Ferma is thought will depart the 15th of the next.—Sivel, 17 Oct.,
1607, stillo novo.
Holograph. 1 p. (122. 135.)
Sir Thomas Edmondes to the Earl of Salisbury.
1607, Oct. 7.
The effect of the dispatch brought by Birraque
an ample procuration authorising the Archduke to proceed to
the concluding of the peace upon what conditions he shall think
fit, and the King of Spain promising to confirm the same. The
Cordelier and the Audiencer appointed to go into Holland.
Owen and Baily upon some secret negotiation gone to Dunkirk.
Father Florence the friar, that by order from Sp[ain] manages the
practices of Ireland, suspected to be gone to set forward his plots
Abstract. (227, p. 338.)
Sir H. Touneshend to the Earl of Salisbury.
1607, Oct. 8.
Details proceedings in the cause between Kellie
and Sir John Egerton. By the final decree the possession is
removed from Egerton and established in Kellie's side, "and so
to the trial of the common law." If the cause has not received
so sudden a decree as Lord Derby required, the protraction was
only for answering some doubts. All their doings therein will be
subject to the worst construction of ill disposed persons against
them and the Court; and he begs that no information of others
may prejudice him.—Wrixom, 8 Oct., 1607.
Signed. Endorsed: "Justice Townshend." 1 p. (112. 117.)
1607, Oct. 8/18.
Tailor's bills, with note appended by Jacques
Comte de Clermont Talart, that he has fixed them at the sum of
370 livres tournois in French money, which he promises to pay
to Antoyne Lymousin next month.—18 Oct., 1607.
French. 4 pp. (122. 137.)
Sir William Waad to the Earl of Salisbury.
1607, Oct. 9.
One Eversley, a goldsmith and graver of arms,
informs me of four persons who have been in hand with him to
make stamps for foreign coin, and after for twenty shillings
pieces of his Majesty's money. I wished him to entertain the
matter with discretion, that they may be apprehended. The
name of one is Huet, and as he says is "towards your lordship."
This Eversley lately apprehended the party that stole his
Majesty's plate at Basing and the lewd messenger that procured
the stamp of your lordship's signature.—From the Tower,
9 Oct., 1607.
Holograph. 1 p. (112. 118.)
Lord Sheffield to the Earl of Salisbury.
, Oct. 9.
It has pleased the King to employ (upon
extraordinary trust, as himself gives out) the unholy Bishop of
Bristow in following his Chequer causes against the recusants.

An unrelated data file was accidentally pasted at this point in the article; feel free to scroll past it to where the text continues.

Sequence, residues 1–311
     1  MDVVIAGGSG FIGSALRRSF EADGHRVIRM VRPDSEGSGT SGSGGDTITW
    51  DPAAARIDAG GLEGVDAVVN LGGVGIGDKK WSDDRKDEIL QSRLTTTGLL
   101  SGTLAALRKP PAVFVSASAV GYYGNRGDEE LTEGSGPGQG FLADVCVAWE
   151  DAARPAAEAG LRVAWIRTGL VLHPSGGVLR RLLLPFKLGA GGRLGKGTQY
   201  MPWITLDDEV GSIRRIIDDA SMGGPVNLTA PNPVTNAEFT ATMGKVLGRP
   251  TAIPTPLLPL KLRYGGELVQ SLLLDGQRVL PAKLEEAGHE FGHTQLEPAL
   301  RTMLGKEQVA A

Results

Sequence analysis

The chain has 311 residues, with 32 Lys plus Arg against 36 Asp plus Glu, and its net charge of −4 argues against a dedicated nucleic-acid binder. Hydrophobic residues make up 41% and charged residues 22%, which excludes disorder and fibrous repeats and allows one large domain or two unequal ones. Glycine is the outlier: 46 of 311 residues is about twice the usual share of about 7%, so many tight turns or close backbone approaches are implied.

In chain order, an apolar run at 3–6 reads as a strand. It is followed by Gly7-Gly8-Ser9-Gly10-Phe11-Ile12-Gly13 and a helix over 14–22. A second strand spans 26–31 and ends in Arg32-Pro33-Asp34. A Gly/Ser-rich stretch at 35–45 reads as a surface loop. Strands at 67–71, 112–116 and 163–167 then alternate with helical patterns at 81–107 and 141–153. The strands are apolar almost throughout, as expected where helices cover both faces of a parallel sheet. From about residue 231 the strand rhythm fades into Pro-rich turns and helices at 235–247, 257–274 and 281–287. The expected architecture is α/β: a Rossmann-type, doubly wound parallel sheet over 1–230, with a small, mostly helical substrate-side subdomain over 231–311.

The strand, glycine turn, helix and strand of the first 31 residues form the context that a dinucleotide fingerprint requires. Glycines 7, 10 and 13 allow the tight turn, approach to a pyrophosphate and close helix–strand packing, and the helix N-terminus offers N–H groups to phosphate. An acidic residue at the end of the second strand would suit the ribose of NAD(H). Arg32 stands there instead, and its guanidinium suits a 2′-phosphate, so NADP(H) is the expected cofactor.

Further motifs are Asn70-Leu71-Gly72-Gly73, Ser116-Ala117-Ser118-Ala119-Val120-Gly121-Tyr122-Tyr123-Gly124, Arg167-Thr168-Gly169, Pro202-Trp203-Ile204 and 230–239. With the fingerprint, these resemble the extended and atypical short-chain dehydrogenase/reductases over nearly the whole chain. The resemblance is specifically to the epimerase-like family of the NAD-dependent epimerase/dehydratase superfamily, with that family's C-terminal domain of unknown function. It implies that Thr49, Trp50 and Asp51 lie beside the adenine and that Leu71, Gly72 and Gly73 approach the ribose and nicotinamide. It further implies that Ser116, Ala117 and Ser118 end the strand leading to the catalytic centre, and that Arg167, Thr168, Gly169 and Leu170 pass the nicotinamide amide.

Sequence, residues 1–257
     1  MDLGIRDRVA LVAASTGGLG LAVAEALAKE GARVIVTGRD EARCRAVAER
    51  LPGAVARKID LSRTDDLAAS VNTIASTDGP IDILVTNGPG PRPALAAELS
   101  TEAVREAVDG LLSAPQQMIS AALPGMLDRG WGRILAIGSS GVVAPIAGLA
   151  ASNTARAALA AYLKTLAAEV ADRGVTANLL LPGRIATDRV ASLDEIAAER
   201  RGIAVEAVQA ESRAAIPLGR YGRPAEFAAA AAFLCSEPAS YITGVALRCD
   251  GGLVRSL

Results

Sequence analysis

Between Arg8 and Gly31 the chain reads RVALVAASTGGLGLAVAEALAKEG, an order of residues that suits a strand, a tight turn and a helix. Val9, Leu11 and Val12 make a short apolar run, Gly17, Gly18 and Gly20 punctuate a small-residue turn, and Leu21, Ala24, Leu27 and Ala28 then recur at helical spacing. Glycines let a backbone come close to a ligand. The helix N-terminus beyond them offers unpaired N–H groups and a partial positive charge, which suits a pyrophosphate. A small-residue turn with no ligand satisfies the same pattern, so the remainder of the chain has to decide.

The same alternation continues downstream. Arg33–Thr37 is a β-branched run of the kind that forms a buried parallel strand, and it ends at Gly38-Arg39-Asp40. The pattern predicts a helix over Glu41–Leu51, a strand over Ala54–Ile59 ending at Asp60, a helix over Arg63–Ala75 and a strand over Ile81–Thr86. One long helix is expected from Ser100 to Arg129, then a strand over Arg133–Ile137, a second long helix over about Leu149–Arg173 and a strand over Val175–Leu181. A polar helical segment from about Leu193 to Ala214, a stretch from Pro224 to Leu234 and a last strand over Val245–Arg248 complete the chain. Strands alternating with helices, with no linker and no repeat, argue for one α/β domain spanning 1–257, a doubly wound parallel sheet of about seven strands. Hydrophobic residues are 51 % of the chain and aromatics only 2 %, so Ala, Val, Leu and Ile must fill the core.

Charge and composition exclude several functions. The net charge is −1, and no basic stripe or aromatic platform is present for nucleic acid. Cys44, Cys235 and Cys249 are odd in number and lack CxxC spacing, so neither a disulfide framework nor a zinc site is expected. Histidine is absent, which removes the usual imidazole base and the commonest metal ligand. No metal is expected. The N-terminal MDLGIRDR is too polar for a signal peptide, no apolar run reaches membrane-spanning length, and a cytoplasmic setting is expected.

He has followed it more industriously than belonged his place;
for what time he could spare from bowling and carding he has
spent in that service. As for preaching he has not greatly
troubled himself, having not filled the "pouluitt" [pulpit],
(though he see it every day in his Dean's seat), above once or
twice in this whole year. For the success he has had in his
employment, it will appear by the small profit he has brought
in, which I think is not above 2,000l., the schedule out of the
Exchequer of the names of recusants in this country amounting
to 5,000l. Now this man has gone up to make his account to
the King, to whom I know he will excuse himself by laying any
false accusation upon others; for it was his course in the Queen's
time, and has been in the King's, to insinuate himself into favour
by seeking to disgrace other men's services. Therefore, I, having
according to the duty of my place been a hinderer of his unjust
gains, and for that I have relieved many of the King's obedient
subjects when they have made due proof of the wrongful taking
of their goods, I know this evil spirit will seek to infuse into the
King some ill conceit of me, thereby to have both means for his
corruption, and the better to excuse his ill service. I have
thought good to give you notice hereof, that if he run any such
course, you would seek to eject out of the King's mind those
falsehoods which his evil spirit shall inject; at least procure
that the King condemn me not unheard, and then I care not.
Consider how scandalous a thing it is to our Church that one of
our Bishops should leave the charge of his bishopric to follow
such base courses, only for his own gain. You cannot but see
what harm this must needs do in these parts where men are so
captious.—York, 9 Oct.
PS.—I can beat out no further the bee in the box but as things
appear, since I fear the bee is not without a sting, which may
hurt deeply if it be not prevented in time.
Holograph. Endorsed: "1607." 2 pp. (122. 119.)
1607, Oct. 10.
Warrant to the Auditor of the county of
Gloucester, requiring a particular of the lands of the rectory of
Prestbury, value per ann. 12l.—Dorset House, 10 Oct., 1607.
Draft. ½ p. (122. 120.)
Cardinal Borghese to Girolamo Meoli
1607, Oct. 10/20.
I have had within a short time two letters from
you, which have been not a little dear to me, the matters which